Sep 30 2005

Filling the Larder Sept 2005


As we reach the Equinox once more the autumn sun drops from our heavens into the southern hemisphere. It joins us later and later each day creeping up over the hill and, leaving earlier and earlier, soon slides away again like a huge red barley sugar. The golden autumn light seems to wraps itself around the whole valley easing us towards winter. As the days get shorter the light becomes hard and sharp. Mimicking shadows, long, crisp, exaggerating, fall across the grass. The days are still warm but there is a chill in the misty morning air as we set off for the yard before breakfast.

Cobwebs_1 Donkems Chickens

Donkeys loiter in their shed hoping for a little something extra, eyeing the remains of last years hay with distaste. Days begin to shrink as we watch the clock at dusk. We hurry to reach the chickens before the foxes and the badgers. Dimpsey is their favourite time to dine



This years’ lambs are big and fat now and away from their mothers. Bullocks are waiting in the wings to be butchered and sold as beef boxes. I felt sad to see the great dignified beasts leave on their last journey and had to remind myself that theirs could have been a far less happy lot had they not been here. Richard will butcher them at Gara Barton, and Lesley and I will pack and label and make up individual boxes for our customers. After nurturing the beautiful beasts through their short life it is of huge importance to me that the butchery and presentation is of the highest quality and does them justice.  So I am thrilled to be working with Richard and Lesley.


Soon lambs will follow them and the cycle will start all over again. Junior is building up his strength in a lush neighbouring field for the high spot of his year. He is a fine Whiteface pedigree ram and we are very relieved that his good scrapy score will spare him from the compulsory cull next year, when he will still be in his prime. Young Scruff, now an almost respectable ram, has proved himself a useful and calming summer companion. Having nursed him from near death when he was so small I begged for his reprieve and am so glad his life has found a purpose!

Blackberries_3 Sloes_1 Quince_4

Everywhere I look there is a burgeoning, bursting, harvest. Sloes weigh down the hedge rows, blackberries snatch at me as I climb over styles and untie gates between fields. The runner beans need picking and freezing, potatoes need digging and storing, tomatoes fill the greenhouse, courgettes turn into marrows if I turn my back, and tomatillos daintily fill the polytunnel. What shall I do with all those tomatillos?


This is the season to fill the larder and the deep freeze. I have turned the goose into confit , chicken livers into pate and plumbs and cucumbers into pickles. Chutneys will follow. This year some of those beans will join the last green tomatoes and windfall apples into the chutney. Jinks’ recipe with fresh ginger sounds delicious. Maybe I can add tomatillos to it! I’ll make piccalilli again too and crush some crab apples to make old fashioned verjuice. The cider apples will be collected in sacks beneath the trees. When all are gathered we will take them to the local press. Well, I may give a sack or two to Richards’ pigs.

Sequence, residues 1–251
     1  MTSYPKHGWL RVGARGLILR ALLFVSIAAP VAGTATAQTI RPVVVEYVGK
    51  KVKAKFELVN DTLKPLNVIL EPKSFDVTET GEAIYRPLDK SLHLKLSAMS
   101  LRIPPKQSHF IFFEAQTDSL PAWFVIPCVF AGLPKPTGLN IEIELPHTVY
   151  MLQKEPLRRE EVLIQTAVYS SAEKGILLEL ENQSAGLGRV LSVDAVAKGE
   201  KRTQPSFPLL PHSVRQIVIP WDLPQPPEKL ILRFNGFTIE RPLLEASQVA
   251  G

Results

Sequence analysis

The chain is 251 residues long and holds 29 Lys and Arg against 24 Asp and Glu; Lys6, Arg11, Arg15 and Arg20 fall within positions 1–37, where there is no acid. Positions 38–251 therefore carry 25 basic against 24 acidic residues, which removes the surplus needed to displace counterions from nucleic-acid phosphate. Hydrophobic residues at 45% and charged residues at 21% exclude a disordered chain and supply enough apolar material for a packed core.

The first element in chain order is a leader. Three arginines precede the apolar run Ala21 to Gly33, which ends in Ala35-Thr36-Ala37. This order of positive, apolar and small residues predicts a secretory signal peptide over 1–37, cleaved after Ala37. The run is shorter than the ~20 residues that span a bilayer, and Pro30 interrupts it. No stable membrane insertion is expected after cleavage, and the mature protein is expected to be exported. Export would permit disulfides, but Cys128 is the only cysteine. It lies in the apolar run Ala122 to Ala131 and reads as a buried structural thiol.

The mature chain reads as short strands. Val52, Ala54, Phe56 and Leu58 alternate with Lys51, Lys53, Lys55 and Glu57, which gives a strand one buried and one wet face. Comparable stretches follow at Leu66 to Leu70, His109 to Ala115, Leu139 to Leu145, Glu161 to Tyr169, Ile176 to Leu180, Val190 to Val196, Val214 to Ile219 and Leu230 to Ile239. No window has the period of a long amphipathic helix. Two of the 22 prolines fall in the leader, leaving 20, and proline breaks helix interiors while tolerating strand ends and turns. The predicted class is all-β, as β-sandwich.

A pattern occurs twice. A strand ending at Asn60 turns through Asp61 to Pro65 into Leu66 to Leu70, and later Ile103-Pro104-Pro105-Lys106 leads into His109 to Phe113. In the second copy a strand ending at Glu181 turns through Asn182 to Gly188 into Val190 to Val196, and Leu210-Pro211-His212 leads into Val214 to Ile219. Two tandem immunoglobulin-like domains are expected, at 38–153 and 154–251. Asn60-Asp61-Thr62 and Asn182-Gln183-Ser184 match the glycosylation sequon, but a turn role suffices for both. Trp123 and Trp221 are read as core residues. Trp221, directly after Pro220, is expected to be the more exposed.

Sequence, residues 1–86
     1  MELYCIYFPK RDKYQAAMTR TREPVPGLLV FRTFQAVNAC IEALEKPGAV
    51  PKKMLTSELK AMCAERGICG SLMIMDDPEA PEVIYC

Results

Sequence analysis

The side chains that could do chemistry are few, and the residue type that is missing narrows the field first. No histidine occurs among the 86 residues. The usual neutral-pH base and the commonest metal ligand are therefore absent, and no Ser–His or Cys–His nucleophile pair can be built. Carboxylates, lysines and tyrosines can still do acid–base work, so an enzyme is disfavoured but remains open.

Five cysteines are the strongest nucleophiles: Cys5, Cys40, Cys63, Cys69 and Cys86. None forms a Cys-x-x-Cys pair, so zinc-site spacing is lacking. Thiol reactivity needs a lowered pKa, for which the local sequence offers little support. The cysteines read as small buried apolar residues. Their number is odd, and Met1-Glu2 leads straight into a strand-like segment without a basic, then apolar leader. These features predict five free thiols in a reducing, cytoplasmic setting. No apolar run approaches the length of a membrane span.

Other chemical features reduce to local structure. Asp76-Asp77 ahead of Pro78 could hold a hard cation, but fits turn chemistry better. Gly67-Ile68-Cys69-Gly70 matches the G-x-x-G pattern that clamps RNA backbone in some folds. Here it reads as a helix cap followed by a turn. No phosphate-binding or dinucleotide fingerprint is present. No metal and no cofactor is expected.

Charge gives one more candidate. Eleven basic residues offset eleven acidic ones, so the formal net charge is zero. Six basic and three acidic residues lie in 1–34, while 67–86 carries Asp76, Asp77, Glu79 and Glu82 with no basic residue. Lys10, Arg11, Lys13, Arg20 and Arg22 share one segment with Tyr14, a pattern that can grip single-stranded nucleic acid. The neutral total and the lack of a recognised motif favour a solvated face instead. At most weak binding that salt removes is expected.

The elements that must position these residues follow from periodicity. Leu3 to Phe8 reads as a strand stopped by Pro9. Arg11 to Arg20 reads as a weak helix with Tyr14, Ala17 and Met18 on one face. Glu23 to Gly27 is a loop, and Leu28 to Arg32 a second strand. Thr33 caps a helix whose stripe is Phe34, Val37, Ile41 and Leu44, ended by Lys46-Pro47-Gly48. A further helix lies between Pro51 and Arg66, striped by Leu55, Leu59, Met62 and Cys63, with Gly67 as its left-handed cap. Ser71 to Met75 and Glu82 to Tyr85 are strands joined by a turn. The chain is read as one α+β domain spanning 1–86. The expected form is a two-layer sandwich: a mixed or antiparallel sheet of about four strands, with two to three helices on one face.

Last week I spent a day in the “Tudor Kitchen” at the Weald and Downland Museum in Sussex. We salted and smoked,
pickled and preserved all manner of things in the ways of the Tudors.
The room was dark and smoky, lit only by candles. The windows were
without glass giving us some relief from the heavy smoke billowing from
the open grate. Coppiced logs some three feet long lay across dog irons
feeding the fire. Oak burns slowly we were told, giving the long
lasting background heat but the smoke is acrid. Beech and ash give the
main heat while a quick burst of flame is provided by the coppiced
birch. Fat iron pots on little legs surrounded
the fire, their contents bubbling away; a pigs head destined for brawn,
apples on their way to becoming apple leather, vegetables for pickling.
Often one pot would contain several different dishes each wrapped in
its own cloth. Embers were pulled under the pots or pushed away to control the heat.  Herrings,
salted and strung up above the fire, smoked to make early “kippers” and
pork and beef were preserved in various spices, salts, “ale gars” and


How similar it all seemed to our methods today but how quickly these skills are being lost and forgotten in Britain. Pigs’ heads are hard to
come by, but if you are lucky enough to find one and are not too
squeamish to deal with it, the results are wonderful. With some
refinements on Tudor methods they can be transformed into Brawn,
Fromage de Tete or Galantine de Porc and make a delicious addition to a
cold lunch. Bath